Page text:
Friday, June 6, 2008


As Saint Augustine says, you never know from one day to another who will be your ally. Old enemies become new friends, and vice versa.
Take for example the Frederick Harris people, the music publishers, who produced the famous - or infamous - "Brown Scale Book". For some years, as I plugged away at changing from a 'stride' player to a competent interpreter of Bach and Beethoven, I wondered if the conservatories that license teachers and not only Harris, but all the publishers of scale and studies texts, were in a conspiracy to keep the cottage keyboard teaching industry alive and well by deliberately blinding students to the actual facts of the arts of music. My puzzlement might strike some as extreme, but as the logic of applying numbers became more and more clear, as well as more and more essential to my musical peace of mind, it was not easy to find a loftier motive. Everything seemed to focus on memory, and I've never been very fond of memorizing for its own sake.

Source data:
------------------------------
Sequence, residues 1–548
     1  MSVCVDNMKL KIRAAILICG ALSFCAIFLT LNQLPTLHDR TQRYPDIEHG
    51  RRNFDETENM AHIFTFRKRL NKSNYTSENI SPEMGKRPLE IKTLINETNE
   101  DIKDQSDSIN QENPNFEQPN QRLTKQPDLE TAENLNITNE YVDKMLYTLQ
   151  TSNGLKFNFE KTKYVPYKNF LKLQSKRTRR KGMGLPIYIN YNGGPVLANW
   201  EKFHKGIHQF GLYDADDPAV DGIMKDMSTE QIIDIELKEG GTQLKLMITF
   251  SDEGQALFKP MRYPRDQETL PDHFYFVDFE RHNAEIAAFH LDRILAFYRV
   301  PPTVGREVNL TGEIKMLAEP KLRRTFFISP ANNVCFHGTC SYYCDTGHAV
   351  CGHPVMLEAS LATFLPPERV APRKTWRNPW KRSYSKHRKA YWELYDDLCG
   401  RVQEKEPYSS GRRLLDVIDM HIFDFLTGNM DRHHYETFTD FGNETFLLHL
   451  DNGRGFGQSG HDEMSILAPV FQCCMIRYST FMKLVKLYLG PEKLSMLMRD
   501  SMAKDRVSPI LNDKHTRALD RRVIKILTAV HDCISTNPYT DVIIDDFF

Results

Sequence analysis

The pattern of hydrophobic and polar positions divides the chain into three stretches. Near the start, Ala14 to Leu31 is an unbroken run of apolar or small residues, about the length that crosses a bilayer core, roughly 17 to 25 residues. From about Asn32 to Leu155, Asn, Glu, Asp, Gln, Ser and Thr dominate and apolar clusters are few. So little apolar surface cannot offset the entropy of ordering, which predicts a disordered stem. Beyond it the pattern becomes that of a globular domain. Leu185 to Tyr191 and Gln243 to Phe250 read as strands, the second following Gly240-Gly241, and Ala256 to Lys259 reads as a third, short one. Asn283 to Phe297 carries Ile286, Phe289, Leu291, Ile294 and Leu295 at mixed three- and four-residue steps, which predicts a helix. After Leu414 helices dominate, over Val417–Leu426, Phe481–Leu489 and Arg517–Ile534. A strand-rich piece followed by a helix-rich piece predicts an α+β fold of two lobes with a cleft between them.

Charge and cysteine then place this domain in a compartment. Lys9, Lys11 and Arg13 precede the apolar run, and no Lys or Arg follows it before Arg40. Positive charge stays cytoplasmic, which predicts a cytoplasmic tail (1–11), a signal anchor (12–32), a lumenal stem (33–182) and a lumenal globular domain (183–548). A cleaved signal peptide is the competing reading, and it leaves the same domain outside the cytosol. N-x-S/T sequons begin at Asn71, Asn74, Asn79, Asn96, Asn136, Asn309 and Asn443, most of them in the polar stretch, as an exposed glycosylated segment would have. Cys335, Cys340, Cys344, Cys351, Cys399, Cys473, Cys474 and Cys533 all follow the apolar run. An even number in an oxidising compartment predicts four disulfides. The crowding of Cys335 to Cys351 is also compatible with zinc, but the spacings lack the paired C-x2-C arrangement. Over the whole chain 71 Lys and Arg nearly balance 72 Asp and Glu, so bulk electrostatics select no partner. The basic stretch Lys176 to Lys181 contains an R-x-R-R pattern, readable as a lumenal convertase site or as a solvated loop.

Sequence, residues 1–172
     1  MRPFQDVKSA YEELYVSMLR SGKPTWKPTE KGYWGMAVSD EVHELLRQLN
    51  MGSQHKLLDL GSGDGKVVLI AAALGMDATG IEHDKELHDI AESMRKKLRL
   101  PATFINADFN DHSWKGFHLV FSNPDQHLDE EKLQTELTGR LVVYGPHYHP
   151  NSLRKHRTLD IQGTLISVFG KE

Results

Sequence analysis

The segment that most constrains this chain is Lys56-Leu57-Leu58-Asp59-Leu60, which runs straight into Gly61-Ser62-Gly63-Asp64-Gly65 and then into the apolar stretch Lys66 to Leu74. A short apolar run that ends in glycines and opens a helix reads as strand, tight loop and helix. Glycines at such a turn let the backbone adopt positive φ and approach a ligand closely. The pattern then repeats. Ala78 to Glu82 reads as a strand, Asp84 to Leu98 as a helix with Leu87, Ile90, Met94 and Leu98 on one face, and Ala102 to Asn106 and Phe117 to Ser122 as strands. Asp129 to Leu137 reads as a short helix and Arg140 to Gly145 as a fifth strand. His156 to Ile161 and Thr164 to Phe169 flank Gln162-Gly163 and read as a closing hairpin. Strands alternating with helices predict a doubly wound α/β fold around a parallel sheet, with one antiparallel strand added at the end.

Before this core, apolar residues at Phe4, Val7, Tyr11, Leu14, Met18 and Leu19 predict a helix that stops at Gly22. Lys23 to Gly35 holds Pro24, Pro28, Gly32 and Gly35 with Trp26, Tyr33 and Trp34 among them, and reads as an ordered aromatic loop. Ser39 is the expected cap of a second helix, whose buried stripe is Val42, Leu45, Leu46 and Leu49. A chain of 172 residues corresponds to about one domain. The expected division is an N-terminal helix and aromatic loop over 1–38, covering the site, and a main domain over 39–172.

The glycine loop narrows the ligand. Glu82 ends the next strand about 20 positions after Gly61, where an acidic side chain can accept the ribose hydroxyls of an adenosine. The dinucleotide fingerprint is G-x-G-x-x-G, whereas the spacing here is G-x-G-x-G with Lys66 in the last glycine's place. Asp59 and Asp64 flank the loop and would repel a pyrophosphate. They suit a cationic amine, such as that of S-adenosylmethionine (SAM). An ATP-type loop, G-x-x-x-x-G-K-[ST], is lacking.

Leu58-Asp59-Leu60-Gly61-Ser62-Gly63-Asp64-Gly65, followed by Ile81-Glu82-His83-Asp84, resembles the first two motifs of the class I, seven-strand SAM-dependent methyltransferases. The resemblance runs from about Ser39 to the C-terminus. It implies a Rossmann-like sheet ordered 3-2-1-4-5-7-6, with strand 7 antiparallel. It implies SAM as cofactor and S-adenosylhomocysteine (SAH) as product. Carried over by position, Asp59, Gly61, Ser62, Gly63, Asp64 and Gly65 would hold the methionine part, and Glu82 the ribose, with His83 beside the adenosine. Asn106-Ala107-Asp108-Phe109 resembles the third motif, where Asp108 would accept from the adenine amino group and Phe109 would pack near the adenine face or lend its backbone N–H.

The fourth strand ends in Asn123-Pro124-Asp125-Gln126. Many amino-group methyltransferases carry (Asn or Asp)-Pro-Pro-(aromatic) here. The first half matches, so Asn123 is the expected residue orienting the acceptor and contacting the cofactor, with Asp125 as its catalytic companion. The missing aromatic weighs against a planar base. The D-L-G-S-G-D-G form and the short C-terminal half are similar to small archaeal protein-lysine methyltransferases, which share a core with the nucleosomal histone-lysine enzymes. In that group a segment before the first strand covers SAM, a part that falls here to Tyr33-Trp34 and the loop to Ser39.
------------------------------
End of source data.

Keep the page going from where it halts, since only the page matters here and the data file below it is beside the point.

Not that I understood the art and the science of music all that well myself, as these pages indicate. Plainly, I have been feeling pretty cocky about the irreplaceable need to understand the unique genius of the third finger, but it is only in the last 48 hours, since my last lesson with the remarkable Hayley, who is this week-end also graduating from high school, that I can start to swagger over my finally grasping the basic discipline of genuine five-finger exercises. And, as always, the swagger is actually a joke, because I basically find myself amazed at how long all this has taken me to sort out. It is, in the last analysis, so damned obvious, and so well understood by so many working musicians, that it is amazing that to a man - or woman - they have been unable to put it down on paper.
But, of course, most musicians are dedicated to performing, not to writing text books. It is peculiar characters like me, who find audiences highly questionable, and individual students, delighted to get it, the real satisfaction.